THE DRG STYLE INDEX: CHRISTOPHER KANE X NARS, CHANEL E-COMMERCE, MONTBLANC, HILLIER BARTLEY

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1. GET READY FOR CHRISTOPHER KANE BEAUTY

Christopher Kane X NARS NEONEUTRAL

First look at Christopher Kane for NARS and it’s suitably punchy. Big on neon-y pinks, the ten-piece ‘NEONEUTRAL’ collection is aimed at the fearless fashion-forward girl although there are some wearable nudes and corals in the mix. It lands on counter 15th April. Continue reading

Gentlewoman style: Uniform Wares launches the C40 watch

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Uniform Wares C40 watch

How handsome are these new C40 watches from Uniform Wares? I’ve been trying out a ‘smart watch’ recently and I can’t help thinking that an electronic device will never replace a classic watch in my world. These unisex watches are the latest addition to the Uniform Wares Swiss-made stable. Continue reading

THE DRG STYLE INDEX: CHARLOTTE OLYMPIA SNEAKERS, YOHJI YAMAMOTO X SANRIO, NET-A-PORTER

Posted on by Disneyrollergirl

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1) IS AMAZON LOOKING TO BUY NET-A-PORTER?

Netaporter-Amazon-Natalie Massenet

The big news story of the week was the one that reported Amazon is in talks to buy Net-a-Porter. As Amazon has been desperate to carve a slice of the high end e-commerce pie for, well, ever, this is an interesting move. Business of Fashion has the best analysis*. (*Drat, BOF is down for maintenance! Forbes has the story here, with an update saying Amazon denies the talks…) Continue reading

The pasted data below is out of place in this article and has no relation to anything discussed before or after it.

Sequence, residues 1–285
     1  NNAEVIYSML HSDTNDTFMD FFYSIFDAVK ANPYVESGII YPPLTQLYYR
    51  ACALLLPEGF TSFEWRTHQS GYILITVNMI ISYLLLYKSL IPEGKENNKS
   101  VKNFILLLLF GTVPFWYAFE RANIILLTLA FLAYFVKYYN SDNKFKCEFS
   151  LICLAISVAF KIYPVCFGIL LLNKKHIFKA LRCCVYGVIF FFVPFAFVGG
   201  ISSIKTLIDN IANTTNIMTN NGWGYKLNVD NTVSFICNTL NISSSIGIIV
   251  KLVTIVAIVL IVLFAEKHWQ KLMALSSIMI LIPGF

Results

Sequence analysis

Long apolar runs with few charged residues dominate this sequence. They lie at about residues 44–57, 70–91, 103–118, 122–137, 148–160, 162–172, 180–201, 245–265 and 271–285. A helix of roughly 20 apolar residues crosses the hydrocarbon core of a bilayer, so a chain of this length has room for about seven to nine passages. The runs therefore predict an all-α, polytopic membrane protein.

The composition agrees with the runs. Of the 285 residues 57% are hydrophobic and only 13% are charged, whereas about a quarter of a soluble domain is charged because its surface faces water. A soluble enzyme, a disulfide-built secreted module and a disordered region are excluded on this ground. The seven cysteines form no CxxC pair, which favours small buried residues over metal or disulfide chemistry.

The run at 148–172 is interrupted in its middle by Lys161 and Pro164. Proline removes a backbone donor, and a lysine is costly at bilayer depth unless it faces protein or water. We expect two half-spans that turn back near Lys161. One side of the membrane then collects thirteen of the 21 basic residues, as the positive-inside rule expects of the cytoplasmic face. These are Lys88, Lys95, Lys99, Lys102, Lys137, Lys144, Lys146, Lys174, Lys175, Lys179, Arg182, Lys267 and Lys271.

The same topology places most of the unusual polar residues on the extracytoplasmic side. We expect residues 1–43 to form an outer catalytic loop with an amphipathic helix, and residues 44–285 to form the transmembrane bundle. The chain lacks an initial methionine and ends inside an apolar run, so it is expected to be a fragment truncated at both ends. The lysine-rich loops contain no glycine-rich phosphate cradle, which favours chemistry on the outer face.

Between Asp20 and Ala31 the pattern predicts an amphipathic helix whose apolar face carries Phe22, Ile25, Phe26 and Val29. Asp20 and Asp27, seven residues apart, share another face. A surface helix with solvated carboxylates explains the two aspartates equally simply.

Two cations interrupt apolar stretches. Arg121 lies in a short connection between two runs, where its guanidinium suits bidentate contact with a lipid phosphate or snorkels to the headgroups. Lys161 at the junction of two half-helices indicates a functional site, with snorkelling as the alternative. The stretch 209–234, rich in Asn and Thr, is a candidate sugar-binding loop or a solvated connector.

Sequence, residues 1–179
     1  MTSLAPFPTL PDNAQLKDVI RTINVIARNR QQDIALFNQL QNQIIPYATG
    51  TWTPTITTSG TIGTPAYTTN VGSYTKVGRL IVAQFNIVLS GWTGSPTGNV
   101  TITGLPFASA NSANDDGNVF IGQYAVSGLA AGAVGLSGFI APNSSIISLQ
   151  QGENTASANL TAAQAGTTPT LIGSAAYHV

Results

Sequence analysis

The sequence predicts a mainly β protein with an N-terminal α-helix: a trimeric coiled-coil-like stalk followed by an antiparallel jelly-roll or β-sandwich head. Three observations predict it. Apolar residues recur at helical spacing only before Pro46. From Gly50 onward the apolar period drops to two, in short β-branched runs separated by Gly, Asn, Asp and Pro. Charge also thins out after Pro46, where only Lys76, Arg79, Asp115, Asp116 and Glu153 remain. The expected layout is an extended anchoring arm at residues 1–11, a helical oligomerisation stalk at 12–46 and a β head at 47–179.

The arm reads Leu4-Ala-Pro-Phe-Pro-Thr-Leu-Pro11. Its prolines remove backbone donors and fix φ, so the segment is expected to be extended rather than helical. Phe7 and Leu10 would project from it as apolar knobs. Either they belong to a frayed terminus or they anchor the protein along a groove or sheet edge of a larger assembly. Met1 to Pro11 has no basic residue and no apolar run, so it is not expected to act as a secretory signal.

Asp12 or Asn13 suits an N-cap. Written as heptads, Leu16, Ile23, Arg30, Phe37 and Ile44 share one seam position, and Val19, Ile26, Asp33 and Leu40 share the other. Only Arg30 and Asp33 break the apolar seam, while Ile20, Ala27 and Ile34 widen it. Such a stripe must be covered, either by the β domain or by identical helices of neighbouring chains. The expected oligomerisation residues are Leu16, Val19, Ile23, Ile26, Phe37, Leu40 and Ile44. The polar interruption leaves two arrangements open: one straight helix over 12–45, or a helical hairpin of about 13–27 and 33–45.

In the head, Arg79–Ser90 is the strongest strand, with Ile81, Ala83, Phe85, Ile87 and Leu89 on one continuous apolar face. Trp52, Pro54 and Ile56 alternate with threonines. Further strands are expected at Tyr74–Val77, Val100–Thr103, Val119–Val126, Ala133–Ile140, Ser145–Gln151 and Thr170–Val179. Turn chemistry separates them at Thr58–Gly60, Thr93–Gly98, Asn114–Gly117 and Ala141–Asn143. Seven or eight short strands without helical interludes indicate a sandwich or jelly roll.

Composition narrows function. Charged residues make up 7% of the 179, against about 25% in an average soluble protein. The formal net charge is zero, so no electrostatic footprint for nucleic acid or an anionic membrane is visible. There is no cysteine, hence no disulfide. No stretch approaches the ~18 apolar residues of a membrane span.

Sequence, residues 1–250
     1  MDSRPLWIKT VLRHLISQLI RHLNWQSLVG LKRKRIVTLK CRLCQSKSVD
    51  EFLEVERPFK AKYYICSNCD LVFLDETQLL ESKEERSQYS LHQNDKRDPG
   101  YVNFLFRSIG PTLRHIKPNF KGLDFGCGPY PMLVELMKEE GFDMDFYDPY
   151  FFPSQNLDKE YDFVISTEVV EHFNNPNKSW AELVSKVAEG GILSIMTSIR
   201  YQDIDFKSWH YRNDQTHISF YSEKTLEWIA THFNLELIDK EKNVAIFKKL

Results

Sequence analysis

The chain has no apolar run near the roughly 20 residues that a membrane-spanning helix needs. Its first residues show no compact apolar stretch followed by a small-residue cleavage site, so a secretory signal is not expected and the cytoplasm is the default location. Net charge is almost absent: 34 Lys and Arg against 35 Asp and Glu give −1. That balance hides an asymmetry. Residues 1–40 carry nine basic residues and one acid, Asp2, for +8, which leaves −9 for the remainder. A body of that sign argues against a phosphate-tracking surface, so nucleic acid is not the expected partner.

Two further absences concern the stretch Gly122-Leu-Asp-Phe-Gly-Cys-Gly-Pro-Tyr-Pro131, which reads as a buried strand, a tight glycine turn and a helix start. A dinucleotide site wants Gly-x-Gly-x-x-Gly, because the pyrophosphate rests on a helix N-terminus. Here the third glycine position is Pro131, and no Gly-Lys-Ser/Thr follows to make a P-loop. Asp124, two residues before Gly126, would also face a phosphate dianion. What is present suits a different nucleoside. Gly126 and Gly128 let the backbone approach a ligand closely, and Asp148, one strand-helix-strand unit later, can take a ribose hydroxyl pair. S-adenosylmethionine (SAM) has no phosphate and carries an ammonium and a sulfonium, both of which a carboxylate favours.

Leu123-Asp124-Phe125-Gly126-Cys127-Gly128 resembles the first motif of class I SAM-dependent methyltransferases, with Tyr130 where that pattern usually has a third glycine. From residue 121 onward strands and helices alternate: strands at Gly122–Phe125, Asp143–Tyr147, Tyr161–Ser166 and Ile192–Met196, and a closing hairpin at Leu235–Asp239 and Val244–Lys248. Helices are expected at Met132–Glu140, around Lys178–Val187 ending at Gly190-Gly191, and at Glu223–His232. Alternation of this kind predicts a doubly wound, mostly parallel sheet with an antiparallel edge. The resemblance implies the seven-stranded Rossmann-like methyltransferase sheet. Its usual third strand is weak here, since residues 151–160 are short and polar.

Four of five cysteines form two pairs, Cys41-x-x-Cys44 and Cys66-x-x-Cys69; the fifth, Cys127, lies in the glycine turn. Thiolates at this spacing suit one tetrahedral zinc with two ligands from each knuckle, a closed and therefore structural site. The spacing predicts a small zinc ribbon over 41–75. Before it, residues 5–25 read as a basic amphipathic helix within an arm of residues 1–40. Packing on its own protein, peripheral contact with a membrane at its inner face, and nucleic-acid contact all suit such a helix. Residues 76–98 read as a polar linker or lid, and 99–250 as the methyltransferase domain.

THE DRG STYLE INDEX: THE CORNER, PORTS 1961, LVMH PRIZE, MARC BY MARC JACOBS

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Here’s the latest weekly DRG STYLE INDEX ranking, a round-up of the brands currently buzzing on my radar…


1. PORTS 1961 GETS A REFRESH

Ports 1961 aw15 by new creative director Natasa Cagalj

I was invited to the Ports 1961 press day last week to see the debut womenswear collection by new creative director Natasa Cagalj. The brand is undergoing a bit of a reinvention thanks to Cagalj, who is set on delivering wearable, adaptable wardrobe solutions for women. She’s doing this with fantastic coats, jackets and shirts that have a little bit of masculinity in their tailored construction but not too much. Continue reading

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It’s all about the tech this week with updates from Google, Apple, Westfield and Farfetch. Read on for my latest weekly DRG STYLE INDEX ranking, rounding up the brands buzzing on my radar…

1. WESTFIELD TO LAUNCH FUTURE FASHION EVENT

Westfield future fashion digital retail theatre

Westfield is always forward thinking when it comes to experiential retail. Coming soon is its London Future Fashion event, bringing the SS15 trends to life using virtual reality and ‘interactive fashion avatars’ (above). Continue reading

Throw open the windows

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Toast early spring 2015 book

…fire up the Nespresso and devour the Toast early spring book. Ahhh, doesn’t that feel better? Here are a few things I’ve earmarked…

TOAST PAINTERLY STRIPE PYJAMAS
2 Toast-Early-Spring-2015 Continue reading

The Porter pages

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Porter Magazine Ryan McGinley Natalia Vodianova

Porter has finally found its voice as a magazine for independent, cultured, grown up women. While it’s powered by Net-a-Porter, thankfully it’s not just another shopping magazine, the shoppable content is balanced with profiles and features on non-fashion subjects too. Continue reading